For about ten years, spanning the last decade of the twentieth century, I visited numerous branches of local libraries, and browsed the shelves of many used-book stores — close to where I lived and while on the road — combing through stacks of magazines that were printed in the 1940s, the 1950s and the first half of the 1960s. Along the way, I purchased many copies of Life, Look, Collier’s, The Saturday Evening Post, and the like.
My most fortunate acquisition — although outside the time frame that piqued my initial curiosity — is a 1919 edition of Vanity Fair that includes articles by P.G. Wodehouse and Dorothy Parker. Wodehouse insists that H.G. Wells cheated him out of the $1.50 he paid for Wells’ latest book because the book turned out not to be a novel, but instead to be a treatise of some sort. Wodehouse claims that a novelist should remain faithful to his reader’s expectations by writing only novels. Today’s reader might well wonder whether or not Wodehouse — being Wodehouse — was joking.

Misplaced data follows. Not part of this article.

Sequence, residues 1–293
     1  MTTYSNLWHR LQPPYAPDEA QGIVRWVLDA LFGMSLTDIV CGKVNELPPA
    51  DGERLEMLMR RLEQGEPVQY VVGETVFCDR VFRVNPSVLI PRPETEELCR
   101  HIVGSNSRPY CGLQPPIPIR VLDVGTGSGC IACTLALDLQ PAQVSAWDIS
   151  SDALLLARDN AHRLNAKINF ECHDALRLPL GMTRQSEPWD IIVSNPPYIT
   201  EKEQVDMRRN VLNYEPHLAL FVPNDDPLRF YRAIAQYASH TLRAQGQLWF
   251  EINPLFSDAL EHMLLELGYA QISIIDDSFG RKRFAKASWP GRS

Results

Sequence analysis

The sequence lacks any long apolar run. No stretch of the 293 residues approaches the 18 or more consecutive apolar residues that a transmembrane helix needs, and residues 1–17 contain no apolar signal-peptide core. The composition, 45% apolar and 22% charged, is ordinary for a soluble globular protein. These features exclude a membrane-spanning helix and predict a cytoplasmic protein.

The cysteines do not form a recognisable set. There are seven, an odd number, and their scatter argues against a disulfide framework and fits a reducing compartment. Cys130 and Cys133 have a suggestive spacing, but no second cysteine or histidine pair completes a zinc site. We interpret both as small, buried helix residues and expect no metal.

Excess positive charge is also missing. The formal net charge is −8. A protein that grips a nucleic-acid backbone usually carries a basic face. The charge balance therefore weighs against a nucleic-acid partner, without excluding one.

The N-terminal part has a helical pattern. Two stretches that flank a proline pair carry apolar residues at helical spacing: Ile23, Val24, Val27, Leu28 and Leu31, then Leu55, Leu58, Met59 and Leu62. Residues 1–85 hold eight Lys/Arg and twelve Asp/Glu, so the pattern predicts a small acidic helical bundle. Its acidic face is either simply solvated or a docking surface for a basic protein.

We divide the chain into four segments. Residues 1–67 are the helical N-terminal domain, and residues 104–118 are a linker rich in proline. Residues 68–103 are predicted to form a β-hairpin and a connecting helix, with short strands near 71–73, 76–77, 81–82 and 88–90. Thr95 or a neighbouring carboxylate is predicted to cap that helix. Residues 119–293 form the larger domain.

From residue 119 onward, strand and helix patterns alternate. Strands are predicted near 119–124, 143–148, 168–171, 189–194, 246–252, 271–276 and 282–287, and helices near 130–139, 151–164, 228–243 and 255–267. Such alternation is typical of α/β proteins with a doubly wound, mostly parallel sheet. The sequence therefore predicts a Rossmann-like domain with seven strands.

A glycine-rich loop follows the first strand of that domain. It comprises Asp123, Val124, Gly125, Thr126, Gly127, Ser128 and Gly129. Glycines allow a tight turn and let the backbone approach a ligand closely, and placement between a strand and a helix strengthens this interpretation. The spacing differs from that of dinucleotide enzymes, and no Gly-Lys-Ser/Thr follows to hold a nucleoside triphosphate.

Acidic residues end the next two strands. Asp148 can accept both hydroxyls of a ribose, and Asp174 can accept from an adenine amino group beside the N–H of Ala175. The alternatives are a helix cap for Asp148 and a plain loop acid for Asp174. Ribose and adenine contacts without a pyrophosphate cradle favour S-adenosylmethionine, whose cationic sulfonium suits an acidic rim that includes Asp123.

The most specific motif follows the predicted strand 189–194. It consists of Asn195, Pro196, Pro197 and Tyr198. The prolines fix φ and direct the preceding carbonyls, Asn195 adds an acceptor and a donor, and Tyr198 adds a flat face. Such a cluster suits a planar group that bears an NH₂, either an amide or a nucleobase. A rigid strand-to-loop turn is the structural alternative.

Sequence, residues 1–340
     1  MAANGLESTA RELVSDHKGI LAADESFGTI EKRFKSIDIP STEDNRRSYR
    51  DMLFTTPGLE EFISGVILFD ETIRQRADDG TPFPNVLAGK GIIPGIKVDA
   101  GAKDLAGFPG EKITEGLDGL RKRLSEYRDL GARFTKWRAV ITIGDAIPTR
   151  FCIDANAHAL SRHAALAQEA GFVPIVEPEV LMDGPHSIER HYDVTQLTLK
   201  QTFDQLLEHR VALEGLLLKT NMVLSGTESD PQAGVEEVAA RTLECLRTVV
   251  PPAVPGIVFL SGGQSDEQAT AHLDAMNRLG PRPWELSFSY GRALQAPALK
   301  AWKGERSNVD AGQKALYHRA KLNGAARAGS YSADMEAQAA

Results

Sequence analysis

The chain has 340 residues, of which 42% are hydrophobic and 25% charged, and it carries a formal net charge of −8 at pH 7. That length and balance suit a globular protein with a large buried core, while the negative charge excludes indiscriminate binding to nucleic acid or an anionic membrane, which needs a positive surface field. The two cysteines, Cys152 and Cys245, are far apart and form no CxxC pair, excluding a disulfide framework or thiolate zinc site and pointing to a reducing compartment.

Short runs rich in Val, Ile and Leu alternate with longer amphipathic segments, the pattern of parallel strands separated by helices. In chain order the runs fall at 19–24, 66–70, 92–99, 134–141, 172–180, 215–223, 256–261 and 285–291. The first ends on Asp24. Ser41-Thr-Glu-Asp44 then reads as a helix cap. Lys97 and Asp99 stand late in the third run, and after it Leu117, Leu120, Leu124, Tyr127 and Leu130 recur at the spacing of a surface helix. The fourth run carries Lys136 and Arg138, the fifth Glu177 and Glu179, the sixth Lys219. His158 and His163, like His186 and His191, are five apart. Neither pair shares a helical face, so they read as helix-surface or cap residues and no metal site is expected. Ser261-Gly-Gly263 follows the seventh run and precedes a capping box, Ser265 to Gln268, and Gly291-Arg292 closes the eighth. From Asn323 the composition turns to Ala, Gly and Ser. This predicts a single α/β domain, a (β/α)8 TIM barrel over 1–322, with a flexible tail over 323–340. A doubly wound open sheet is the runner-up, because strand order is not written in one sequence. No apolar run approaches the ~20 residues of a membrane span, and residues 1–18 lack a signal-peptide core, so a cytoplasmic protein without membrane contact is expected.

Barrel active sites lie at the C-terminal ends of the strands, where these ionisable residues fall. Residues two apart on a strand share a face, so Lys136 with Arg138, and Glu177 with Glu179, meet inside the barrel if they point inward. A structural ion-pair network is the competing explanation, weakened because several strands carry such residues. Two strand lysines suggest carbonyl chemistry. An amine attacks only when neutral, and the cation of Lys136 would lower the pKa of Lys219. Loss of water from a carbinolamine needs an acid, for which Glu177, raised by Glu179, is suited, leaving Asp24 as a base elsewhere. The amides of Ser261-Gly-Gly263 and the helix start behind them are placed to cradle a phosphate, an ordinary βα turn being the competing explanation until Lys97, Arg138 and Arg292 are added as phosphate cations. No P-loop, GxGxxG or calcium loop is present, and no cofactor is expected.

In any event, this treasure trove of old magazines nowadays sits, protected and stored, inside my office, awaiting rediscovery by a younger soul well after my death. If I owned a reputation of any stature as a writer, I’d bequeath them all, along with my unpublished stories and jotted letters, to a literary executor who would be willing to ship them back to my ancestors in Sicily by way of the next luxury barge to depart Atlantic City, New Jersey.